by Dave Sherwin
This week I was approached by a friend with that series of questions that every entrepreneur faces at one point or another, “Should I entertain raising investment money for my business idea? And if I do, what are some things I should be aware of and watch out for?”
I’ve decided that his query deserves a well-prepared response, and should be shared with the community at large. And without further ado, I give you a two-part response:
When should I entertain raising money for my business idea?
First of all, you should recognize that there is no perfect timing or recipe for success. The ironic thing is that first-time entrepreneurs don’t usually know when the right time is to raise money. Many successful entrepreneurs bootstrap their first business to outstanding success, sell off the business, and know better the second time when they should have raised money.
But for all of those who aren’t seasoned, second or third-time entrepreneurs, what’s a good rule of thumb to follow? Here are my top five questions that you need to be able to answer very definitively before you should decide to go raise money:
Would my business, my team, and I perform better with someone holding us accountable? And in what ways?
In a very real sense, when someone invests in your business, you are taking their money as a steward and putting that money to work in your idea in order to produce returns for them. The very act of them handing it over to you doesn’t mean it’s yours. You a have a duty to responsibly put that money to work, and that investor will very likely want to know not only what that plan is, but how the plan is going from time to time. Having this form of accountability is oftentimes just what a founding team needs to run faster.
Am I willing to give up some control and let others help determine the destiny of my baby?
Especially if your founding team is giving up significant amounts of ownership, investors will likely participate not just as passive investors, but board members, and sometimes even in a full-time capacity. They will want their voice to be heard, and now it will not just be your vision, but a shared vision. Sure, you can remain the visionary, but if you’re not prepared to listen to others ideas and let those help to influence and shape the company, you may be better off passing on additional capital.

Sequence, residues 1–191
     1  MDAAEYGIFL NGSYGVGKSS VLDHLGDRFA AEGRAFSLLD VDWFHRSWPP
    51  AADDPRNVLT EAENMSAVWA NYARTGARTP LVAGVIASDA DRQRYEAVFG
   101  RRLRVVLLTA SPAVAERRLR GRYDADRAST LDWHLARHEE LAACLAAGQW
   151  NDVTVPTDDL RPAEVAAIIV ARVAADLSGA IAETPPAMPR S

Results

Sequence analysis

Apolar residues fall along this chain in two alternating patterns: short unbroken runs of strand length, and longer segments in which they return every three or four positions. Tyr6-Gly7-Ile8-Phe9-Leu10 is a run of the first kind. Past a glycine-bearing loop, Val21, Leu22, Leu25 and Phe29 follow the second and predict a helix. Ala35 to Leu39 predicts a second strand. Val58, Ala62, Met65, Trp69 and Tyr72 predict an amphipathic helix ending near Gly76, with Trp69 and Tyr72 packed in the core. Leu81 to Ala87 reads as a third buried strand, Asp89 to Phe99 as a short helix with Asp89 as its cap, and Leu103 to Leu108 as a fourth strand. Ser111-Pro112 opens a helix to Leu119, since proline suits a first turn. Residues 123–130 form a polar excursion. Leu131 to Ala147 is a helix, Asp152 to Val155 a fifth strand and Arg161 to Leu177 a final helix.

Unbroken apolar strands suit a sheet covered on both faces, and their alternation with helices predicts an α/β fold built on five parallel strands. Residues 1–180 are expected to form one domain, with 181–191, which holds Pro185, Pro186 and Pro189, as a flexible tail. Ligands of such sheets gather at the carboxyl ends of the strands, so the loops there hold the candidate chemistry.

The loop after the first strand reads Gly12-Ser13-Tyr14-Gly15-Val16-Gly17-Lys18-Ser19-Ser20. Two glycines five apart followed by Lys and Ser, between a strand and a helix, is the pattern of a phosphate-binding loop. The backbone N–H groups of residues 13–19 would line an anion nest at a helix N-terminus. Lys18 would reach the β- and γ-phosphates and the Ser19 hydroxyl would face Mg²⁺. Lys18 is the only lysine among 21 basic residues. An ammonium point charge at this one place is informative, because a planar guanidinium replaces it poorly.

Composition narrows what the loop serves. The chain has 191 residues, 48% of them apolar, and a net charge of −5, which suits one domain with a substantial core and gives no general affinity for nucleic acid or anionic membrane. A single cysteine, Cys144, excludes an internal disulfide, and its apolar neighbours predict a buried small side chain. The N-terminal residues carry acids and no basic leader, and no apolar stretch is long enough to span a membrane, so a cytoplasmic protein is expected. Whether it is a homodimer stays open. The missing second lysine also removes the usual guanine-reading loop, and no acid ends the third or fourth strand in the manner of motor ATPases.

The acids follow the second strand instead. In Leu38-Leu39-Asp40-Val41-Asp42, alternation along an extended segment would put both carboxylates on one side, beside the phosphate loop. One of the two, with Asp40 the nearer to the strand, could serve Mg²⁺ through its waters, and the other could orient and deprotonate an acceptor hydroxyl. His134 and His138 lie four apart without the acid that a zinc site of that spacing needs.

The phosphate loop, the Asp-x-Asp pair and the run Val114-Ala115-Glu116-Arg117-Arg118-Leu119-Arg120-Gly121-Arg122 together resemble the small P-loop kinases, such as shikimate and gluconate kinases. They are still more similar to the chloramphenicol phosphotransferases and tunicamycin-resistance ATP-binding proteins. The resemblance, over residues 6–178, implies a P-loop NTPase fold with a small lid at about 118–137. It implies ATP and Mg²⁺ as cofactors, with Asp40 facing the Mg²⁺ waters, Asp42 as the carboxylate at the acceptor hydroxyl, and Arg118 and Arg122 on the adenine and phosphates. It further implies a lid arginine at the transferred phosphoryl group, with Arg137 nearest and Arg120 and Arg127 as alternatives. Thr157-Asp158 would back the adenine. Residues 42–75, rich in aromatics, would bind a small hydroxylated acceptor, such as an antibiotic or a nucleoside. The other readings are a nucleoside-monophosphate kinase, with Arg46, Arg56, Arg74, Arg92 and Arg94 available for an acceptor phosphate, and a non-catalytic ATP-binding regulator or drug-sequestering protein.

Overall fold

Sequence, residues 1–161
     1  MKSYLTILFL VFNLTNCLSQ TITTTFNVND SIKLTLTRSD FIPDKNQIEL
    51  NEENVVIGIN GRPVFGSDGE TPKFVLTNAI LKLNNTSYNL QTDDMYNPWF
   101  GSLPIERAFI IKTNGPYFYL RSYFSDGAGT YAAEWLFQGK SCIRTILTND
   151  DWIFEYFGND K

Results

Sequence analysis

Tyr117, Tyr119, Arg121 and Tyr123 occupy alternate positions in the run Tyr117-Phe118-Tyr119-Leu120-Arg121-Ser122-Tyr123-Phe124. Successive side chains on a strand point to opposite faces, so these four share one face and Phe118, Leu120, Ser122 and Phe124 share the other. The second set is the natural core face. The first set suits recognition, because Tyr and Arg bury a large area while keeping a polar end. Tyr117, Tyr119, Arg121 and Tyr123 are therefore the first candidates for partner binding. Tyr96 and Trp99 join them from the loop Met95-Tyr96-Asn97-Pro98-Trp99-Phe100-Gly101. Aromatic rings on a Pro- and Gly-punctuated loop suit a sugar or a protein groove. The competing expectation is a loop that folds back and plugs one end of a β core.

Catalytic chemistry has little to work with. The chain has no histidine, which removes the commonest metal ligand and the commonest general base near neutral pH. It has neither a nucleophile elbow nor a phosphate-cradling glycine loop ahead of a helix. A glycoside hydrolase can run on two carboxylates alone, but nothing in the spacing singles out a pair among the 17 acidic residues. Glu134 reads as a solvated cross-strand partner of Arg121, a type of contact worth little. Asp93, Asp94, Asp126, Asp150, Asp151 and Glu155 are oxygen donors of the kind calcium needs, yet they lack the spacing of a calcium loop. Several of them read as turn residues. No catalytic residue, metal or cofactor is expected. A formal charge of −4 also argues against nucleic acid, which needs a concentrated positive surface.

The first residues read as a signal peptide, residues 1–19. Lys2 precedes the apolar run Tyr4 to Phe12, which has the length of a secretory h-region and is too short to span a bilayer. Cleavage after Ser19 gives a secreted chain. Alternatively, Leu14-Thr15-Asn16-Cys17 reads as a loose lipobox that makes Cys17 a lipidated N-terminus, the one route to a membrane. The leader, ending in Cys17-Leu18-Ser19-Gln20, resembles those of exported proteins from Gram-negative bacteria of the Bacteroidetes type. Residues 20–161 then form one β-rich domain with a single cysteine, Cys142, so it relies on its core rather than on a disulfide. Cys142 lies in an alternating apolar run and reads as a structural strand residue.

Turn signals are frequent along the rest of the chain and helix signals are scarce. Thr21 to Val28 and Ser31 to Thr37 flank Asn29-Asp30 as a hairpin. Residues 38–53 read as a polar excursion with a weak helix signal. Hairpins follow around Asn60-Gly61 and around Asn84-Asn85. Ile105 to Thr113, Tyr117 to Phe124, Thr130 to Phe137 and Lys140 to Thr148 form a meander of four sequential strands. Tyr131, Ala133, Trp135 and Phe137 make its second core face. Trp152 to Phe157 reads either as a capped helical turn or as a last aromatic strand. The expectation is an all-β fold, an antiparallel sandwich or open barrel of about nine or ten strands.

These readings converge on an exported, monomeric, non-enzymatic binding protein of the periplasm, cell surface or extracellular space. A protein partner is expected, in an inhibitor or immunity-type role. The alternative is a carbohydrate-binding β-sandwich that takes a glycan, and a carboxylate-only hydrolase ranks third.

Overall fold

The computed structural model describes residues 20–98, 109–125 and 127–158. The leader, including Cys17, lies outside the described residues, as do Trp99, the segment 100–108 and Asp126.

Do I have extremely specific objectives and goals for which I am going to use the money? And do I have multiple backup plans and directions that I could pivot if my primary objectives are not well received by the market?
The name of the game is to spend the money on revenue-generating activities or activities that get you closer to revenue. After all, revenue is the cheapest form of capital. Paying six-digit salaries to founders is not an idea of a lean startup machine that is taking investment capital to grow the company faster. Put the money to wise uses such as hiring additional developers to complete revenue-critical software features or expand your proven sales machine. Just be sure to review your planned spending for “nice-to-haves” and unnecessary items.
If your initial plans to generate revenue fail, be prepared to pivot. You may need to attack the market from multiple angles until you get it just right. Remember that when digging for gold, it is rarely the first time you dig that you strike gold.
Do I have very good evidence that the market not only needs what I can supply, but is willing to pay for it? Is my business (and revenue model) already well established?
Do you have paying customers? Not only will a yes to that answer increase your chances of raising money, but you really shouldn’t entertain the idea of raising money unless you have serious reason to believe that what you’re building will be gobbled up by your target market. And if you don’t know what that is, well, you fail this question. Other valuable evidence includes market research, prototype testing, and other market tests that will help you wrap your mind around your market if making a revenue-generating product is near impossible without capital.
Is the lack of capital in my business constraining my growth directly?
This is the most important question you need to answer. If you had $50,000 today, do you know exactly where you put it to work to make you $100,000? If you have a proven formula in your business where for each dollar you put in you can generate that dollar in return plus some, and the only reason you can’t grow faster is that you don’t have enough money to put in the front-end, then yes, by all means you need to raise capital.
Obviously, it won’t be an infallible formula that you’ve developed. There will be some risk. But if the risk is fairly low, and your business has been around a while, consider alternative lending options that might not be so costly as equity investment. Other alternatives include revenue-based financing, subordinated debt, SBA loans, and where possible, lines of credit.
In the end, you should have a very good plan. Raising money is not a game, and in the early stages, it certainly should not be viewed as a payout for your idea. Be ready to put the money to work. But before you do, read the next article where I highlight the:
Things of which you should be aware and/or warned?